5. Your attention, please. Passengers departing from Platform 4 are requested to stay away from the main doors.



Resource file

See in the enclosed DVD an audio recording of the activity:

  • Scripts\Module1\Unit3\Activity3\Resource4b\Audio\Predicting_Information_In_Public_Announcements.mp3

Resource 4c: Public announcements (worksheet)

Resource 4c

The bubbles below all contain parts of public announcements. Can you complete the announcements by filling in the bubbles? Discuss with a partner which words would fit the announcements. After you have completed the worksheet, listen to the recording. Did you fill in the correct words?


Teacher question and answer



Question: Can I use radio and TV speeches and announcements to help students practise listening in public situations? I do not have easy access to audiotapes and video players.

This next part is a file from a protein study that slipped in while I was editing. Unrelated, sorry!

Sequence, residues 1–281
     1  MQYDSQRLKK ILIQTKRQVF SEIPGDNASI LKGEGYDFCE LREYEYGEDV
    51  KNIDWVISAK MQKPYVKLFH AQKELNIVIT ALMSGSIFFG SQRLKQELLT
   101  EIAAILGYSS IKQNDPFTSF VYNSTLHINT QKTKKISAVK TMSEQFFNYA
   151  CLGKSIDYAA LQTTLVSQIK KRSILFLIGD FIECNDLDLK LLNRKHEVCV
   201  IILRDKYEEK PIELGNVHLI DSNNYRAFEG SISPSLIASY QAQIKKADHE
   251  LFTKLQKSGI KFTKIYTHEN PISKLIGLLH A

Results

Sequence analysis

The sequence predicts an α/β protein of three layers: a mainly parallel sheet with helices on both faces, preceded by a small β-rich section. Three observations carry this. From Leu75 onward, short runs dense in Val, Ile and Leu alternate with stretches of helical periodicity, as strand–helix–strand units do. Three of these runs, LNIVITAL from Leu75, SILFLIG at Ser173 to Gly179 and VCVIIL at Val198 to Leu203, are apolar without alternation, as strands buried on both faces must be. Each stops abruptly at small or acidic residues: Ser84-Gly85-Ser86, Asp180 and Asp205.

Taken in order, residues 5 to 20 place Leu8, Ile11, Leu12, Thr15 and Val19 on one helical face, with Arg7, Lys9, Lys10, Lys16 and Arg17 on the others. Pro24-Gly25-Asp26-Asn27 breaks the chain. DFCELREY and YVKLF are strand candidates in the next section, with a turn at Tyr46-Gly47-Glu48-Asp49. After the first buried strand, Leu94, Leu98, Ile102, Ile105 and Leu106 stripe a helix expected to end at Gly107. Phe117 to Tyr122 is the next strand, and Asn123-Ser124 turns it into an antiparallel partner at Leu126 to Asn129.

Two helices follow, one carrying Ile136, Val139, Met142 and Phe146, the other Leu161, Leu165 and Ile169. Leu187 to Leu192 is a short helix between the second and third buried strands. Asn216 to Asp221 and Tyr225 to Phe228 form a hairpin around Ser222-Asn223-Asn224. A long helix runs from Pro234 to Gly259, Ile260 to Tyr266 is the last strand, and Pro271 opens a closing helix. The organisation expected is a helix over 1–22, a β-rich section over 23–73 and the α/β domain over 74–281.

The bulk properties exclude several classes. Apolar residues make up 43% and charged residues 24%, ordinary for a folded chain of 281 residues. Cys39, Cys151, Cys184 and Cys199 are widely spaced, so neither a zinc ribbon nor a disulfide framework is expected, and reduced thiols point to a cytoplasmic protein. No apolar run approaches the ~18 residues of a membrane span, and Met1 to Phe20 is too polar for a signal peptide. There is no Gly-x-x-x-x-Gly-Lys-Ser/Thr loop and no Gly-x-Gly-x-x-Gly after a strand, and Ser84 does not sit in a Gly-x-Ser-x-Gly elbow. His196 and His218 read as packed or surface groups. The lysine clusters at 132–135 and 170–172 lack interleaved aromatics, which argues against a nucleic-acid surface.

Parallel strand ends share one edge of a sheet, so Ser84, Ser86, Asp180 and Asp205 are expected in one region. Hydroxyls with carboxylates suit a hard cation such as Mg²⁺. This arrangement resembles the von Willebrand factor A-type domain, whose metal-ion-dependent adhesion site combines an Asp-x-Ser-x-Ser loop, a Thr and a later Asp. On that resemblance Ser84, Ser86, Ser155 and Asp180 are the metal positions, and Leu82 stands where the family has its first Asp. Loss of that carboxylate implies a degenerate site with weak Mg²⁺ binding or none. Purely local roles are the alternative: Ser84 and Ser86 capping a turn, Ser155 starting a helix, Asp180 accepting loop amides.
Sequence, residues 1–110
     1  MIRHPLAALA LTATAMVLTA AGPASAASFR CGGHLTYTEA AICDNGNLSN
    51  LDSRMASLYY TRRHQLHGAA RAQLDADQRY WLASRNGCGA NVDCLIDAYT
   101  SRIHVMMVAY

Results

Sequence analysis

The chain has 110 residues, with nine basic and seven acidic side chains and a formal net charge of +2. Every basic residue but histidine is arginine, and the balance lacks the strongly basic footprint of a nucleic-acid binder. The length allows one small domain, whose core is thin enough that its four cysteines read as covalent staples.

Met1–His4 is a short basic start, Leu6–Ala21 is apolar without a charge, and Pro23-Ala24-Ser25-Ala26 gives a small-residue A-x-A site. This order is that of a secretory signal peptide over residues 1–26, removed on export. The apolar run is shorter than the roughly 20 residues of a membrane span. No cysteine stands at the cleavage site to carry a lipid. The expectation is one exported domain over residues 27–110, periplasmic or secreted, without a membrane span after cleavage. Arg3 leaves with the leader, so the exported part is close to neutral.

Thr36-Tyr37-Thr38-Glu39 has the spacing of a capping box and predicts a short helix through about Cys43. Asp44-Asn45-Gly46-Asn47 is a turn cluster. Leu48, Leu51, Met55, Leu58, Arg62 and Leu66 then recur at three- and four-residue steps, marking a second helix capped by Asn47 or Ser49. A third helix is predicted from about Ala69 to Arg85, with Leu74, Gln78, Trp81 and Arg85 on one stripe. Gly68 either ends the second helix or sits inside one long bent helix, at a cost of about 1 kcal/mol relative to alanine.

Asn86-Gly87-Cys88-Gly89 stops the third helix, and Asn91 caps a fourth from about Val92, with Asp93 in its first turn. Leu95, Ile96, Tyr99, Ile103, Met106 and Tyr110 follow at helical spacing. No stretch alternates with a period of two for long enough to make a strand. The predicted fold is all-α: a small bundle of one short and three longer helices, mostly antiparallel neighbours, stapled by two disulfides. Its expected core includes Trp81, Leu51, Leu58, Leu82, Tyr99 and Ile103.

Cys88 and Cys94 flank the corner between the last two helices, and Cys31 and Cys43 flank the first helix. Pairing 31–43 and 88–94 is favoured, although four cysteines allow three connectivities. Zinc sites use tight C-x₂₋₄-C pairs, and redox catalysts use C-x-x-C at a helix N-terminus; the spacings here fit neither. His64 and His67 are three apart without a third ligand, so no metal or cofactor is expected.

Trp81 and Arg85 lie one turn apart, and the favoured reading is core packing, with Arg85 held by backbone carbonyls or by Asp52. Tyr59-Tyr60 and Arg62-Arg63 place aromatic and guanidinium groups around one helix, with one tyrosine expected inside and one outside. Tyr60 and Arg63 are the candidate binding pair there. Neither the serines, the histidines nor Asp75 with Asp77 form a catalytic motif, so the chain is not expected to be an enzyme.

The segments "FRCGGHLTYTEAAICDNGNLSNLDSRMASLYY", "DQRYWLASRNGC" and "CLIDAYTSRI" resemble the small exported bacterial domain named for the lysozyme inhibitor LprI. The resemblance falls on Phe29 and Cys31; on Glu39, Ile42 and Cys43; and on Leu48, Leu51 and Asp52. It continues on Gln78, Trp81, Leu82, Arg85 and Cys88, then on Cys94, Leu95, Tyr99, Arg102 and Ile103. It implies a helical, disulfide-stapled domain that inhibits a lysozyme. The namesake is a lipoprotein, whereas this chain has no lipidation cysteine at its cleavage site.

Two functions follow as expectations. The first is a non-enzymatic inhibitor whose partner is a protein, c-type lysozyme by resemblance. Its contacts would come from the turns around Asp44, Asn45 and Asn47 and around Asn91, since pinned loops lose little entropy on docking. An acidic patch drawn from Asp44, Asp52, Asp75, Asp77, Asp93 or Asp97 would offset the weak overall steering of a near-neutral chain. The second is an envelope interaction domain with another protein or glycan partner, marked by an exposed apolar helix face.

Answer: Radio and TV are very useful and productive resources for teaching listening skills. You can use them effectively, but you must be able to anticipate what your students will hear and prepare exercises accordingly. Since you do not get an opportunity to listen to the same broadcast or telecast twice, you must also be confident that you get all the answers correct to be able to check your students’ responses.